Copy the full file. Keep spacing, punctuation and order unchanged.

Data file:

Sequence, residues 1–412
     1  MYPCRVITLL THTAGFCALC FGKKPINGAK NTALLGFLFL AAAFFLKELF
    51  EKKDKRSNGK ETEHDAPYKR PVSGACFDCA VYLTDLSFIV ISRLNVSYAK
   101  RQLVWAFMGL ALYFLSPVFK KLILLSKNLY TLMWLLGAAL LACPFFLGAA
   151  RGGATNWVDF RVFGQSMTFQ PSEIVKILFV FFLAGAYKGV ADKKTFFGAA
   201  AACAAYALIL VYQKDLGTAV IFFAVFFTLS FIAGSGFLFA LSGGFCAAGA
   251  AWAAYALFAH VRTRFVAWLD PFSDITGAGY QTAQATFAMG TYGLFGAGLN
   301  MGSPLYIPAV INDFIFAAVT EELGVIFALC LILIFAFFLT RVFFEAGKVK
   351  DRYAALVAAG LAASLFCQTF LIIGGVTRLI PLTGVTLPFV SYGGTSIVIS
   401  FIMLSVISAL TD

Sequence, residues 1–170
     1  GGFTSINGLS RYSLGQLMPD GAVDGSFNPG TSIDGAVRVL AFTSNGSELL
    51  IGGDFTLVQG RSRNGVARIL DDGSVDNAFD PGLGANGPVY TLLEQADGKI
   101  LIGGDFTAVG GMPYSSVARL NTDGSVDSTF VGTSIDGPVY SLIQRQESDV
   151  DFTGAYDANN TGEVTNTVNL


Sequence, residues 1–412
     1  MYPCRVITLL THTAGFCALC FGKKPINGAK NTALLGFLFL AAAFFLKELF
    51  EKKDKRSNGK ETEHDAPYKR PVSGACFDCA VYLTDLSFIV ISRLNVSYAK
   101  RQLVWAFMGL ALYFLSPVFK KLILLSKNLY TLMWLLGAAL LACPFFLGAA
   151  RGGATNWVDF RVFGQSMTFQ PSEIVKILFV FFLAGAYKGV ADKKTFFGAA
   201  AACAAYALIL VYQKDLGTAV IFFAVFFTLS FIAGSGFLFA LSGGFCAAGA
   251  AWAAYALFAH VRTRFVAWLD PFSDITGAGY QTAQATFAMG TYGLFGAGLN
   301  MGSPLYIPAV INDFIFAAVT EELGVIFALC LILIFAFFLT RVFFEAGKVK
   351  DRYAALVAAG LAASLFCQTF LIIGGVTRLI PLTGVTLPFV SYGGTSIVIS
   401  FIMLSVISAL TD

Sequence, residues 1–170
     1  GGFTSINGLS RYSLGQLMPD GAVDGSFNPG TSIDGAVRVL AFTSNGSELL
    51  IGGDFTLVQG RSRNGVARIL DDGSVDNAFD PGLGANGPVY TLLEQADGKI
   101  LIGGDFTAVG GMPYSSVARL NTDGSVDSTF VGTSIDGPVY SLIQRQESDV
   151  DFTGAYDANN TGEVTNTVNL